This is the "Copyright FAQs" page of the "Copyright and Fair Use Guildelines at UTSA" guide.
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Copyright and Fair Use Guildelines at UTSA   Tags: audio, copyright, fair_use, file_sharing, media, plagiarism, streaming, video  

Resources for UTSA faculty and students on copyright in teaching, learning and publishing
Last Updated: Dec 17, 2014 URL: http://libguides.utsa.edu/copyright Print Guide RSS UpdatesEmail Alerts

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Using Copyrighted Materials in Online Courses (e.g., Blackboard or Moodle)

Can I ...

  • Use a book chapter or journal article in my online course?

Yes. Through the additional rights the university licenses, you can use certain text-based materials, such as single book chapters and journal articles, in your online course. Ask your librarian for details.

  • Play a film or audio recording in my online course?

Yes, you can embed players or links to use licensed content in your online course. Try Films on Demand for streaming video and Music Online or Naxos Music Library for streaming audio. You can also link to other online video and audio sites, such as TeacherTube.

OIT can digitize limited portions of DVDs or CDs to stream in your online course.

Consider the many available low-cost on-demand video options for students, such as Red Box, NetFlix, or Amazon Instant Video.

  • Use images in my online course?

Yes, you can use images from licensed databases, such as ArtSTOR, in your online course.

  • Use sheet music in my online course?

Yes, you can use digital scores from licensed databases, such as Music Online, in your online course.

      
     

    Using Copyrighted Materials in the Classroom

    Can I ...

    • Distribute printed handouts to my students in the classroom?

    Yes. Through the additional rights the university licenses, you can distribute single book chapters and journal articles in your classroom. Ask your librarian for details.

    Guidelines for using printed sheet music in the classroom are detailed in Copyright Circular 21, pages 7-8.

    • Show a film or tv program in the classroom?

    Yes. Under Section 110(1) of copyright law, you can show a film that you or the library purchased in your classroom.

    • Show a film outside of class on campus?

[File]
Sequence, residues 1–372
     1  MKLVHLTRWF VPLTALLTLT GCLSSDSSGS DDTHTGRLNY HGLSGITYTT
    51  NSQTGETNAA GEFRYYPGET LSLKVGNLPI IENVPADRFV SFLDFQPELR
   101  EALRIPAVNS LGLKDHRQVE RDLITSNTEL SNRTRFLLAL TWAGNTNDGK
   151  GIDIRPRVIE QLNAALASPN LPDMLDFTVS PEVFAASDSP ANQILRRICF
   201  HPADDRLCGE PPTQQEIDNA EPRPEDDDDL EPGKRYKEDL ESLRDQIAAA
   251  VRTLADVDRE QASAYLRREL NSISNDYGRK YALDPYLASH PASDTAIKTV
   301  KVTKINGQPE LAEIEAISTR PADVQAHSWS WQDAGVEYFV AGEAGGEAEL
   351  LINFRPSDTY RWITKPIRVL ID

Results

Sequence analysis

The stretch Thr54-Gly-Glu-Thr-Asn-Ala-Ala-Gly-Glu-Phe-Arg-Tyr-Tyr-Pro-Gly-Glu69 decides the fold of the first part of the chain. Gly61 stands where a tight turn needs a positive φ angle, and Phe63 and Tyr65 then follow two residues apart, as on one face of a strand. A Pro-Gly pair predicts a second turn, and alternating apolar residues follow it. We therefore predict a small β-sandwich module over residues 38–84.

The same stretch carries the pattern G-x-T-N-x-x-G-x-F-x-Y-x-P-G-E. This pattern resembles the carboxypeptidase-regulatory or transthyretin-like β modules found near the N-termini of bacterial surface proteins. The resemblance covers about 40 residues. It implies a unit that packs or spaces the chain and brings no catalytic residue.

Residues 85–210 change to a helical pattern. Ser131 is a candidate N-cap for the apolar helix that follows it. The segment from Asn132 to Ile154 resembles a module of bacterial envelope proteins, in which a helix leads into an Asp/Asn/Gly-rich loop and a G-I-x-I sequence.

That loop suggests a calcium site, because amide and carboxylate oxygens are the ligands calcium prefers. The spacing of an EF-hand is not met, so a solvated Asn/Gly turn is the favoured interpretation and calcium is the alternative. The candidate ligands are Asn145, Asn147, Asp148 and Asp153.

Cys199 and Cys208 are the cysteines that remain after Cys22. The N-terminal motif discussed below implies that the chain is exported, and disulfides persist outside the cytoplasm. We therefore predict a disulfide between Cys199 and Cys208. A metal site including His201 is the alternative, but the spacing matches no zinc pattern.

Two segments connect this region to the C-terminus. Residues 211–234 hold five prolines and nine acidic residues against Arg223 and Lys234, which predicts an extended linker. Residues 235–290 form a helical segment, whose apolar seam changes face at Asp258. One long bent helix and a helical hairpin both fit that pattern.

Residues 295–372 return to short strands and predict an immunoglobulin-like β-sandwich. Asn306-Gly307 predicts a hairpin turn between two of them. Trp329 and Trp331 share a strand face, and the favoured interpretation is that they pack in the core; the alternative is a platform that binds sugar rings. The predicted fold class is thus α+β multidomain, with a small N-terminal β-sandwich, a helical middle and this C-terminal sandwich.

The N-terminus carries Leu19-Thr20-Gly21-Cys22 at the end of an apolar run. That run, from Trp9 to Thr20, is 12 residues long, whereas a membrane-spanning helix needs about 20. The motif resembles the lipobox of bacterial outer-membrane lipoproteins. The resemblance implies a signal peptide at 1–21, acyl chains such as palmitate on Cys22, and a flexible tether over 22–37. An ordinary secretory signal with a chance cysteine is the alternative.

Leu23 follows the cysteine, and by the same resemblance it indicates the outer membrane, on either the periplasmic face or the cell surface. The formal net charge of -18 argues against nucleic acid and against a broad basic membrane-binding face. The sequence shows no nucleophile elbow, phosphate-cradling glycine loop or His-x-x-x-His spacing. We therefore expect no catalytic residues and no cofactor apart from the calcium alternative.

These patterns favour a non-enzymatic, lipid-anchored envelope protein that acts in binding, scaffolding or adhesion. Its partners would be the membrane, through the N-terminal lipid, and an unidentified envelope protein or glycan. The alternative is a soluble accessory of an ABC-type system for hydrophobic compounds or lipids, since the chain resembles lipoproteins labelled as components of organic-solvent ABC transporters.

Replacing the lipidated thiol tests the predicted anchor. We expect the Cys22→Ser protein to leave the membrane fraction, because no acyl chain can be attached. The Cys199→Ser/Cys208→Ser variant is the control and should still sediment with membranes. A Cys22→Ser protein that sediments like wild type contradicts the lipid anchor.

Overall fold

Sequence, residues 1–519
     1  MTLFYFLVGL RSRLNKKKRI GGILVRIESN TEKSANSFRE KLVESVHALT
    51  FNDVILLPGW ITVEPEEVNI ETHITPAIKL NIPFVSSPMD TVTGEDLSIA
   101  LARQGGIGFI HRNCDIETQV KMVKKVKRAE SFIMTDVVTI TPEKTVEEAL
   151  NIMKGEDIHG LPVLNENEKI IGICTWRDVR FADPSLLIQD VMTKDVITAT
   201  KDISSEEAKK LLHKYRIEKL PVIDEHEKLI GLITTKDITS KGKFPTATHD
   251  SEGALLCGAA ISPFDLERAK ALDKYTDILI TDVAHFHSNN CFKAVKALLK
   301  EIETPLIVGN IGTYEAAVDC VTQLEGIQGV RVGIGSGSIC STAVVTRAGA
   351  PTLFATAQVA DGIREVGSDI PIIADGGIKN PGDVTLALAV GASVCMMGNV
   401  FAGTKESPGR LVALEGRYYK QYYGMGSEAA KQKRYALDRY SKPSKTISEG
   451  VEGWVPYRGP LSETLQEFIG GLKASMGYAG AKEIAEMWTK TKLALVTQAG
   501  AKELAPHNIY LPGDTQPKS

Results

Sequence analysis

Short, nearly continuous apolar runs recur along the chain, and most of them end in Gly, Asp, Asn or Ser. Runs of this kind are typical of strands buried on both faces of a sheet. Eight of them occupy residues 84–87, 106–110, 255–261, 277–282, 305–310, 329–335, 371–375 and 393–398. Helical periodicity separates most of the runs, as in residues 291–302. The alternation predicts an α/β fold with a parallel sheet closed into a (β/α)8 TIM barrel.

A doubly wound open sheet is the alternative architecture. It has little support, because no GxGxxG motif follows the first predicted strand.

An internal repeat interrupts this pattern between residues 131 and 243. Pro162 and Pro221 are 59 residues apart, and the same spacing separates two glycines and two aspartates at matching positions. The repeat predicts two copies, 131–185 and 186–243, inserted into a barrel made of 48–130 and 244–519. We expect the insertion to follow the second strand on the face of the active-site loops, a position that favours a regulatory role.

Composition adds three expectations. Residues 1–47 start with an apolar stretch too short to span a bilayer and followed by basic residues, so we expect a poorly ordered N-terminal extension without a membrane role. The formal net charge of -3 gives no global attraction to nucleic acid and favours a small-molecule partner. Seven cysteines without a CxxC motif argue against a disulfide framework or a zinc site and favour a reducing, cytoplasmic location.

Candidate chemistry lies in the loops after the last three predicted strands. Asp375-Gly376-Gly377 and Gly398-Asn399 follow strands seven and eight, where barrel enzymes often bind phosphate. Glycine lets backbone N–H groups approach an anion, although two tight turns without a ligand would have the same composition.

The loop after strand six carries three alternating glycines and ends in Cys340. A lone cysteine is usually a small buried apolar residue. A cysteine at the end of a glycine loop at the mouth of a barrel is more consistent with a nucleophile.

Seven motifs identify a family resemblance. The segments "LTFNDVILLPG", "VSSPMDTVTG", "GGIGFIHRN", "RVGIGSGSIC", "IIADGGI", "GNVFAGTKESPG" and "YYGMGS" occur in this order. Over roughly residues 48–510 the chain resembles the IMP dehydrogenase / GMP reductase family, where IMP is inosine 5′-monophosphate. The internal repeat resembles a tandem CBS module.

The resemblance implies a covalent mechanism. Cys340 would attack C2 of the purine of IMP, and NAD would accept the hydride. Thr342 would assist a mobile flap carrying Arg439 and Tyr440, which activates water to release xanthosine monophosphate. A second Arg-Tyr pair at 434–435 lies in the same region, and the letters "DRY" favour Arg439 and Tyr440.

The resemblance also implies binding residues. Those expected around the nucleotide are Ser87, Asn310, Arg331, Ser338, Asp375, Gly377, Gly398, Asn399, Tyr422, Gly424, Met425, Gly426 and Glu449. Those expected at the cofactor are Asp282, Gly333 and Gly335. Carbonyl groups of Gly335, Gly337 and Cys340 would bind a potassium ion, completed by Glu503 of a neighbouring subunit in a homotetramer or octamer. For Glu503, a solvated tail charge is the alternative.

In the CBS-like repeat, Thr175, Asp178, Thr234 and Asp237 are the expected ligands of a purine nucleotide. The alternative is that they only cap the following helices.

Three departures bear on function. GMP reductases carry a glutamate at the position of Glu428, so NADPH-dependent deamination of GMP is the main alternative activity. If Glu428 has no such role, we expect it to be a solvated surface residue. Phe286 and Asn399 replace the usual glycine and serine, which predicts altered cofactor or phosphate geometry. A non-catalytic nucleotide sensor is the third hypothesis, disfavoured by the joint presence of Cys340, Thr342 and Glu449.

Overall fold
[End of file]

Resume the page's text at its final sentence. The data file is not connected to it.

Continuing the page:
Yes, if it is in person and for teaching purposes. The professor must be present, and class discussion must follow.

    Yes, for training purposes, if the university obtains public performance rights (PPR).

    For non-UTSA audiences on campus, if the university obtains screening rights and no admission is charged.

    • Include copyrighted images in lecture slides I display in the classroom?

    Yes.

     

    Using Copyrighted Materials in Scholarly Activities

    Can I ...

    • Email a book chapter or journal article to other faculty and students?

    Yes, if they are currently employed or enrolled at UTSA. For other scenarios, ask your librarian.

    • Use licensed content in my scholarly conference presentations?

    Yes, as excerpts with author attributions, under fair use. If your presentation is distributed to the public, you should take extra measures to clear the rights for copyrighted material or replace it with alternative content. Ask your librarian for help.

    • Distribute a print book chapter or journal article to UTSA conference participants?

    Yes, through the additional rights the university licenses, if attendees are currently employed or enrolled at UTSA. For other scenarios, ask your librarian.

    Copyright Resources at UTSA

    • Access the Copyright in Online UTSA Courses tutorial
    • Learn how to create links from licensed resources in Blackboard
    • Find copyright cleared-images
    • Request permission to use copyrighted materials
     

    Have Other Copyright Questions?

    We can help! If you have other copyright questions, ask your librarian.

    You may save or print this document for your reference:

     

    General Tips

    Posting copyrighted materials to public servers is not permitted.

    When in doubt, use excerpts of content and/or link to it. Always attribute ownership to the copyright owner.

    If you leave the university and take your online course with you or sell it (e.g., to a textbook publisher), you should remove any licensed content.

    There are many other options for academic and scholarly content, including works licensed under the Creative Commons, open access publications, out-of-copyright materials, U.S. Government publications, and orphan works.

     

    About These Guidelines

    These FAQs are only for not-for-profit, educational purposes at UTSA.

    For more general guidelines, see the other sections of this copyright guide:

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